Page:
Robert Estrin - piano expert

What is a Tritone?

Learn the most important interval in music

In this video, Robert explains what a tritone is and its important implication in the tonal construction of music.

Released on May 14, 2014

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DISCLAIMER: The views and the opinions expressed in this video are those of the author and do not necessarily reflect the views of Virtual Sheet Music and its employees.

Video Transcription

Welcome to and I am Robert Estrin with a really interesting show today.

What is a tritone? The tritone. The forbidden interval back from the church in hundreds of years ago forbid this interval. What is it? We're gonna cover it today, you'll hear it, understand it, and see how it resolves and how it's used.

The tritone, very simply, is half an octave. That's why there are 12 possible available tones in music, in western music. If you go six-half steps, you will create a tritone, exactly half an octave. So if you went up from C and you went C to C sharp as one, D, D sharp, E, F, F sharp, six-half steps. See that's sharp, there's your tritone. It has a demonic sound to it, doesn't it? And here's the fascinating thing. Since it divides the octave in half, if you invert the tritone and go from F sharp to C, you still have a tritone 1-2-3-4-5-6.

Now, how does a tritone resolve? This is where it gets really interesting because, you can take a tritone and go outwards by half steps or inward by half steps, and it resolves either way. So once again going C to F sharp, resolve to B and G. So now we are in G. Now here is where it gets really interesting. If you resolve inward, once again C the F sharp resolves to C sharp and E sharp. It resolves inward to C sharp which is exactly a tritone away from how it resolved the four outward to G. All kinds of interesting things.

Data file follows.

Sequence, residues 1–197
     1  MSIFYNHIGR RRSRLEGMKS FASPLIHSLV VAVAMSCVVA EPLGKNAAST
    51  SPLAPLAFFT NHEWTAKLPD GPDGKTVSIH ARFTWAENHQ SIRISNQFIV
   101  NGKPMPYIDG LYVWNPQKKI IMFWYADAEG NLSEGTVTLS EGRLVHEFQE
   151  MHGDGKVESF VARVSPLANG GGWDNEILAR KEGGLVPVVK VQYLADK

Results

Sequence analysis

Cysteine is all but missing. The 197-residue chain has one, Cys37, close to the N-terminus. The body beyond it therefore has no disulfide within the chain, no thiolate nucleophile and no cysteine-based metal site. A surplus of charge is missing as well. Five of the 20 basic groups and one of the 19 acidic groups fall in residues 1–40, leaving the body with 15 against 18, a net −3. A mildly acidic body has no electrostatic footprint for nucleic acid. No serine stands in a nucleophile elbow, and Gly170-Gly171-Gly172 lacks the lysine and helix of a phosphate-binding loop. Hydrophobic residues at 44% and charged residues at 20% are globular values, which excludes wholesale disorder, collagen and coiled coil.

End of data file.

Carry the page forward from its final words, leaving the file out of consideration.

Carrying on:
Now, the tritone is the basis for western music, for total music. How can it be so strong? Well, it is so needing resolution that is the basis for establishing a key. In fact, the dominant seventh chord creates a tension because of the tritone that it contains. So for example, if I wanna establish the key of C major, I'll play a 1-4-1-6-4-5-7 that 5-7. Which needs to be resolved because it has the tritone, there's the F-B.

So very interesting things you can discover with the tritone. The other thing is...the diminished seventh chord is two tritones. So if you have all minor thirds, you have a tritone on the first and third note, and you also have the second and fourth note are both tritones. That's why the diminished seventh is so deceptive as we covered in a previous video.

Thanks so much for joining, Robert Estrin here at and, see you next time.
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Comments, Questions, Requests:

Fulvia * VSM MEMBER * on August 25, 2016 @7:21 am PST
I am also a 72 oldy and now I am learning new terminology with your videos! Thanks! * VSM MEMBER * on May 14, 2014 @5:44 am PST
I REALLY enjoyed your introduction to tritones .... Thanks very much. Being an old neophyte at 72 yrs, I often fall afoul of musical/musician terminology. Could you please explain simply what it means when you say "a tritone needs to be resolved"? Why should it be resolved?
Thanks very much
Robert - host, on May 14, 2014 @1:14 pm PST
Tonality has some notes which are active tones which must resolve to restive tones. This is the basis for Western music. Here is a video exploring this topic:
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